In October 1950, cartoon illustrator Charles Schultz added the character Snoopy, a young beagle pup, to his comic strip Peanuts. Serving as lead personality Charlie Brown's independently-minded dog, Snoopy has played an integral role in the broad success of the cartoon and has a reserved a place in hearts of millions of fans. The silicon version of Snoopy illustrated above was discovered by Richard Piotter of New Ulm, Minnesota, who also loaned the 4-inch wafer (made by a 1980s-era semiconductor company named Trilogy) from which the image is derived.

Snoopy grew from a puppy to adult dog as a vast generation of baby boomers in the United States matured and started their own families. Although he never speaks in the strip, Snoopy readily communicates by actions, expressions, and thoughts encapsulated by bubbles viewed by the readers. After 1955, when Snoopy first found his way onto Linus' sacred blanket, he evolved from part of the ensemble into a starring role. Schultz created several personae for his canine star, including a World War I flying ace, the big "man" on campus Joe Cool, and a mystery writer, often plagued by writer's block and surrounded by crumpled rewrites. Acting in the role of a vulture, Snoopy is regularly seen on the funny pages and in cartoon television specials leering from his high roost, the versatile doghouse. From this perch, he guards his food bowl and scans the yard for the elusive and slightly dangerous cat from next door.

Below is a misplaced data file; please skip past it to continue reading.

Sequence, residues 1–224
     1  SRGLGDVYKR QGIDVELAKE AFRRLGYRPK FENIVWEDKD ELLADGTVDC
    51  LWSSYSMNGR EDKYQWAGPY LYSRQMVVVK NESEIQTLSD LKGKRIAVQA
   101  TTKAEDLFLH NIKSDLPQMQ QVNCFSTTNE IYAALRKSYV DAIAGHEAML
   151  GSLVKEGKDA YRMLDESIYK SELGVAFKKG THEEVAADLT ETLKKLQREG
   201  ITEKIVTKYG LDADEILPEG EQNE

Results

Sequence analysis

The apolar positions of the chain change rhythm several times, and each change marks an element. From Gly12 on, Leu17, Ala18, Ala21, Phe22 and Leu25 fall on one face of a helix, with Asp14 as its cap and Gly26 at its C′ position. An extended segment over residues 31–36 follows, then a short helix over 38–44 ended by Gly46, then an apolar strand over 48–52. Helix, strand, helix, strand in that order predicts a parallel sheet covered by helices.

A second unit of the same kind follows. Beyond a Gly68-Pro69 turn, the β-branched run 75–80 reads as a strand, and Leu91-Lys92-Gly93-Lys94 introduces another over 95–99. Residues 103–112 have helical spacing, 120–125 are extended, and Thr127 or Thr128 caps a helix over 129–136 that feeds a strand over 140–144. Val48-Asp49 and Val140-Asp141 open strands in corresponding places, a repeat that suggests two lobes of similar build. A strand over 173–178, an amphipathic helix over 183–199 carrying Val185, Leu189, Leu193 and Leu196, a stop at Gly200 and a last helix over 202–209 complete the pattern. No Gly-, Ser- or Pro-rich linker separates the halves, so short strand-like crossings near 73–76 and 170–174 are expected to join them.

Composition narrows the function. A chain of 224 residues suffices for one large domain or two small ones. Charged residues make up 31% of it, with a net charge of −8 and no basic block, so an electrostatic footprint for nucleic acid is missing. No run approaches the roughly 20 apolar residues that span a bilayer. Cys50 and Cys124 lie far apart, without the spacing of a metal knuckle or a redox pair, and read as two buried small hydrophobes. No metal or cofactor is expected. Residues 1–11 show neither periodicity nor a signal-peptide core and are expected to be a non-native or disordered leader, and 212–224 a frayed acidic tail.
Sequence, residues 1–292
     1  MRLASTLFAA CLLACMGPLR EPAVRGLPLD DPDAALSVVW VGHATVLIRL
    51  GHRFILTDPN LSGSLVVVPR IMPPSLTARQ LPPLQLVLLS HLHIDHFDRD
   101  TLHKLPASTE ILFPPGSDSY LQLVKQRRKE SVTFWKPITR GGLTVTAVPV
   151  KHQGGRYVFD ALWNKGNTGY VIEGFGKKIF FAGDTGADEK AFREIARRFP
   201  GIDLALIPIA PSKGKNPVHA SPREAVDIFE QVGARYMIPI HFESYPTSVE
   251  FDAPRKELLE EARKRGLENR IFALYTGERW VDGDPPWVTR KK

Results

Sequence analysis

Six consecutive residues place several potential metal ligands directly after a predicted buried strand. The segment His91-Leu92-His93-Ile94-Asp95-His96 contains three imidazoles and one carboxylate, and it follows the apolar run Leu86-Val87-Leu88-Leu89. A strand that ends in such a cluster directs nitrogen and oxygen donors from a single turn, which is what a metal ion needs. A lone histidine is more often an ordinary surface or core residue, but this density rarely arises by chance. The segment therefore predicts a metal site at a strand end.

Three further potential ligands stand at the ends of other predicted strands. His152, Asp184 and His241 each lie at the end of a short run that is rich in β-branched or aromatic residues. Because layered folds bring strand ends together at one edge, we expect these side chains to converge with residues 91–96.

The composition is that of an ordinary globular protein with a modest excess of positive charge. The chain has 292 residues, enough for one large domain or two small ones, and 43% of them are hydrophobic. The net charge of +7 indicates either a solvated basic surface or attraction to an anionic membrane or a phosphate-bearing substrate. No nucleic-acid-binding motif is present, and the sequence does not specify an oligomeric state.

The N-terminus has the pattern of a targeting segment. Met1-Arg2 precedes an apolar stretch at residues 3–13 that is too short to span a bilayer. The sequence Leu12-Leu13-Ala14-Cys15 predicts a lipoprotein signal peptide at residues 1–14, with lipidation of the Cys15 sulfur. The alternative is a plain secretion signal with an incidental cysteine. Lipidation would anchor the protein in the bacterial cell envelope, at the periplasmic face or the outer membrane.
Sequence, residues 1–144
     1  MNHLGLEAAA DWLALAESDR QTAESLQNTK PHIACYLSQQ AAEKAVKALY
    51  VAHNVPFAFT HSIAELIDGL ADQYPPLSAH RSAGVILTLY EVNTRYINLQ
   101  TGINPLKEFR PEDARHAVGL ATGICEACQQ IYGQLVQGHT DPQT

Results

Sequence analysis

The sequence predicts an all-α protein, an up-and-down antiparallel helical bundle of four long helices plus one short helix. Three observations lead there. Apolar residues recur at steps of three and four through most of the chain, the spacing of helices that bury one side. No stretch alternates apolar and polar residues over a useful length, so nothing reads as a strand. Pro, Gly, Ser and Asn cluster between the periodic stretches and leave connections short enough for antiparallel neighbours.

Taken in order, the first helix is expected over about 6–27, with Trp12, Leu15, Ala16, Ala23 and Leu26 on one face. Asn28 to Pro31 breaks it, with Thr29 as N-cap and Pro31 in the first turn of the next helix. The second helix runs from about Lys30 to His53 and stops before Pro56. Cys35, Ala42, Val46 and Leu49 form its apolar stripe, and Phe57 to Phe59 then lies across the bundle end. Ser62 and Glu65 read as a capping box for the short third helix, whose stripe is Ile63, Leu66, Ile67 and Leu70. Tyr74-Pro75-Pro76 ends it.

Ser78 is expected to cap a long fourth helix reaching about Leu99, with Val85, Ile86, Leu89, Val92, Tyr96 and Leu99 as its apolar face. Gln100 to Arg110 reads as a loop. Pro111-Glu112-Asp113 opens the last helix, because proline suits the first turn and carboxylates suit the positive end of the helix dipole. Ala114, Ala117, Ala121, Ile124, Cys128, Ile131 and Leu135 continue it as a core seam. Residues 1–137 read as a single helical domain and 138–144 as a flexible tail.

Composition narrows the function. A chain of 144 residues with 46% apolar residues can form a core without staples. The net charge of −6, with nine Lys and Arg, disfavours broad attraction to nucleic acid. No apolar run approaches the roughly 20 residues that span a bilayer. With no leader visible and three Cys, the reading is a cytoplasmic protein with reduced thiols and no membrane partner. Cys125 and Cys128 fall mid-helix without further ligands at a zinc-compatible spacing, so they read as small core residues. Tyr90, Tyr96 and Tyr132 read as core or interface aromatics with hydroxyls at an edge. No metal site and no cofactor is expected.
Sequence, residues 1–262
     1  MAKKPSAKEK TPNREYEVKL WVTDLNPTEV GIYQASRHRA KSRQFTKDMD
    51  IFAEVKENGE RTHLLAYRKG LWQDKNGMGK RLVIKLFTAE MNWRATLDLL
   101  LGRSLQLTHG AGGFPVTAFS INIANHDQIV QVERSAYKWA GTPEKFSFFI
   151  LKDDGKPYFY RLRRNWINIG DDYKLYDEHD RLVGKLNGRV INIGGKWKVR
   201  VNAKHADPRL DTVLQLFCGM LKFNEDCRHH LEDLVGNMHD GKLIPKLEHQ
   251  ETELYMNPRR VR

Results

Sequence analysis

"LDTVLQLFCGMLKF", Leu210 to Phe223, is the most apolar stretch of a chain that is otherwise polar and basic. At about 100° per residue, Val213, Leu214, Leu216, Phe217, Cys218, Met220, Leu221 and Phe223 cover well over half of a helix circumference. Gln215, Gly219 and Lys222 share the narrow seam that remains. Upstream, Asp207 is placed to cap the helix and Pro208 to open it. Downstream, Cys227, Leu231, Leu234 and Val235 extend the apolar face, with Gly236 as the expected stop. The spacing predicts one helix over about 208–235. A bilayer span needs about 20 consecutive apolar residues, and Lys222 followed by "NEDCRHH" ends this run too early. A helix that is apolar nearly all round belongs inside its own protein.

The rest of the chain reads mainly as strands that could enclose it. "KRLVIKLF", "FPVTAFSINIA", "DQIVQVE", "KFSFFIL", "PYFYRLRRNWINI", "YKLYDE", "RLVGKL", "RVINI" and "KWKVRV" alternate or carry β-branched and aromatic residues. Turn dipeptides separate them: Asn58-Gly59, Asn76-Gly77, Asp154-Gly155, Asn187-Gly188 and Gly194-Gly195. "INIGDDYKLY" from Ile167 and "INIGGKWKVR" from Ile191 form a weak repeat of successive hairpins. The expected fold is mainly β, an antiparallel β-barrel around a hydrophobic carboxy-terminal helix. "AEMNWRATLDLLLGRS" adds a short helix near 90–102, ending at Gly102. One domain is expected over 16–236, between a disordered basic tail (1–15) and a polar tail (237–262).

Through his creative genius, Charles Schultz was able to convey the importance of imagination to his audience with the antics of his cartoon beagle. In this age of computer games, virtual reality, and digital video discs, Snoopy and his little feathered friend Woodstock repeatedly remind us that creativity and fun don't require too many expensive props or digital hi-tech gear. An old manual typewriter, hockey skates, or a birdbath can transform Snoopy's rather mundane existence into an exciting imaginary world full of real-life scenarios. A scarf, a hat, or a pair of aviator sunglasses is often all it takes to sweep us along on a whirlwind adventure to North Africa or back to World War I-era France. Fearless, imaginative, and independent, Snoopy leaves no doubts as to who holds the superior intelligence in this comic strip. According to creator Charles Schultz, it is definitely not man's, but rather a dog's world.

View this silicon artwork under brightfield and darkfield illumination.

© 1995-2022 by Michael W. Davidson and The Florida State University. All Rights Reserved. No images, graphics, software, scripts, or applets may be reproduced or used in any manner without permission from the copyright holders. Use of this website means you agree to all of the Legal Terms and Conditions set forth by the owners.
This website is maintained by our
Graphics & Web Programming Team
in collaboration with Optical Microscopy at the
National High Magnetic Field Laboratory.
Last modification: Wednesday, Mar 03, 2004 at 04:30 PM
Access Count Since July 1, 2002: 304178